An irrevocable trust generally cannot be changed or dissolved by the creator, or grantor, of the trust. A person usually sets up the trust to protect assets, which elude estate taxes or lawsuits, by handing over control of the estate to the trust and named trustee. However, situations may arise in which an irrevocable trust can be amended, modified and even revoked, according to state laws. Seek advice from an estate planning attorney on laws regarding revoking a trust.
Control of the Trust
The two main types of trusts are irrevocable trusts and revocable trusts. If you choose to establish an irrevocable trust, you transfer estate assets, which may include property, possessions and money, to the trust. You appoint a trustee to control the trust, according to your agreement. You have no control over the trust, and all assets remain there until your death. A revocable trust can be changed or revoked at any time by the grantor, who has control over the trust.
People often select irrevocable trusts for tax benefits. The assets in the trust are not subject to estate taxes because that property belongs to the trust. Creditors cannot seek possession of the assets if lawsuits arise. The trust is basically a separate entity, and the assets do not belong to you. While assets in a revocable trust can be taxed and subject to lawsuits, people often choose revocable trusts, because they have control and can change or dissolve the trust at any time.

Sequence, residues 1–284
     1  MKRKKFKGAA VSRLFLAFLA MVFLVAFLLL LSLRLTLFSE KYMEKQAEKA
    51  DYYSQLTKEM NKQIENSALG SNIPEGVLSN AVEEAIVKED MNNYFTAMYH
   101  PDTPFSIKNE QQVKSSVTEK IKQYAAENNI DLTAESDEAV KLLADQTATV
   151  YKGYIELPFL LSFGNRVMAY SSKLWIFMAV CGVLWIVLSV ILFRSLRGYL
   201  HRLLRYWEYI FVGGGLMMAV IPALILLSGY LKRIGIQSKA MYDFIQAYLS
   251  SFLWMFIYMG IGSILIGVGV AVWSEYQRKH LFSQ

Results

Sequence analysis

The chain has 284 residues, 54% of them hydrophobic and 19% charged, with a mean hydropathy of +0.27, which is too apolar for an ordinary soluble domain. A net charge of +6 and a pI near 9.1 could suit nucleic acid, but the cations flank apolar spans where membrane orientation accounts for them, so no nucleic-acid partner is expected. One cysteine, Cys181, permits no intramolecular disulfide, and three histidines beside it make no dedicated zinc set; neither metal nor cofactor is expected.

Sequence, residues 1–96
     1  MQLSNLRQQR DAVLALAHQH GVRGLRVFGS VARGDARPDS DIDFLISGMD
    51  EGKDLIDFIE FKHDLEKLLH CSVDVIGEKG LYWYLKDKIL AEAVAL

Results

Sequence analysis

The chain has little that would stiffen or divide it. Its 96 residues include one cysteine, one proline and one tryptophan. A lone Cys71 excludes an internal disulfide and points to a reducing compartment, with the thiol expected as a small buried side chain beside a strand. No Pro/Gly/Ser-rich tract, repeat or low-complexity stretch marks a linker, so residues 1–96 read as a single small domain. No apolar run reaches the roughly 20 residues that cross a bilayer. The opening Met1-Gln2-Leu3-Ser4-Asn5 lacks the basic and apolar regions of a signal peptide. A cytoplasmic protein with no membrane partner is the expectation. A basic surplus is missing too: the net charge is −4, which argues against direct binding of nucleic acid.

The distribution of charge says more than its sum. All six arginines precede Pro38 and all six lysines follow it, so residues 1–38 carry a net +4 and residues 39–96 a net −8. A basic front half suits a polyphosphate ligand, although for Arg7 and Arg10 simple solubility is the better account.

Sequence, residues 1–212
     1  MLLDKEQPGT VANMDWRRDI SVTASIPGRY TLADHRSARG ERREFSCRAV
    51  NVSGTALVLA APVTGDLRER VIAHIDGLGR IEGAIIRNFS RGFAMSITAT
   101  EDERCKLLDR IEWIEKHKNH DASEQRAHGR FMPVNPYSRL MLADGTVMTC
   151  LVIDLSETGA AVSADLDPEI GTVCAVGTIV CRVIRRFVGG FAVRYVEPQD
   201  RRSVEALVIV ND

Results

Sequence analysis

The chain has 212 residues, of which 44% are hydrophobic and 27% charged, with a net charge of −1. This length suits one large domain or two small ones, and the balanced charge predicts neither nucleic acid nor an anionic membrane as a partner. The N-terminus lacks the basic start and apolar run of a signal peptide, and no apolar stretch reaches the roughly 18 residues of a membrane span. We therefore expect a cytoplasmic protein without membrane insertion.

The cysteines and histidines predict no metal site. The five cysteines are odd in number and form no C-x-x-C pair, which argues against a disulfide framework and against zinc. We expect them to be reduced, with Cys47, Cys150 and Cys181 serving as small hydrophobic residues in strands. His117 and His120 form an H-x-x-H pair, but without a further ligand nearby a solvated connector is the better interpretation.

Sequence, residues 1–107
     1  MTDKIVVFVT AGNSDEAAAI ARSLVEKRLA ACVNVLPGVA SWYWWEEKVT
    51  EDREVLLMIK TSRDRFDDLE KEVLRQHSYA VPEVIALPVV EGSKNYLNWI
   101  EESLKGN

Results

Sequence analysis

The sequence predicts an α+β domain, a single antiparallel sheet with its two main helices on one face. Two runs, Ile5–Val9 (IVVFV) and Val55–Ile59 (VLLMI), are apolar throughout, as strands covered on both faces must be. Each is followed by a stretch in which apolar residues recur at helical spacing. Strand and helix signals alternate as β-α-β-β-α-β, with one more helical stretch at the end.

Consent on Changes
Even an irrevocable trust can undergo changes. Changes and modifications can occur when the grantor or beneficiaries in the trust reach an agreement on amending the trust. The grantor and the beneficiaries must sign a written request for the changes. State laws vary, and sometimes changes to an irrevocable trust can only be made when the trustee also agrees. Changes can include revoking the trust. In some cases, beneficiaries may petition the court to amend or terminate a trust upon the grantor’s death, depending on state laws. Courts may approve the changes or revoke the trust if all beneficiaries agree and circumstances the grantor had not anticipated interfere with the purpose of the trust agreement.
Reasons beneficiaries may try to revoke an irrevocable trust include financial situations in which funds in the trust were smaller than anticipated. They may agree to seek to amend or revoke the trust because of unanticipated beneficiaries, which require immediate benefits from the trust. The grantor may seek to revoke an irrevocable trust if, for example, unexpected life changes make the purpose of the trust inappropriate or the grantor was given bad financial advice while setting up the trust agreement. The grantor would also have to obtain the consent of beneficiaries in the trust and petition the court.
- Jupiterimages/Comstock/Getty Images
- How to Withhold Medical Expenses From a Paycheck
- What Is an Amortization Expense?
- How to Carry Over a Donation Deduction
- What to Look for When Buying a Flat-Screen TV
- Liabilities of a Sole Proprietorship
- Tax Implications of Early 401(k)
- How to Renovate a Studio Apartment
- How Much Money Do Parents Spend Yearly on Kids and Teens?
- How to Make Cheap Outside Christmas Decorations
- How to Show Proof of Funds to Buy a House With Cash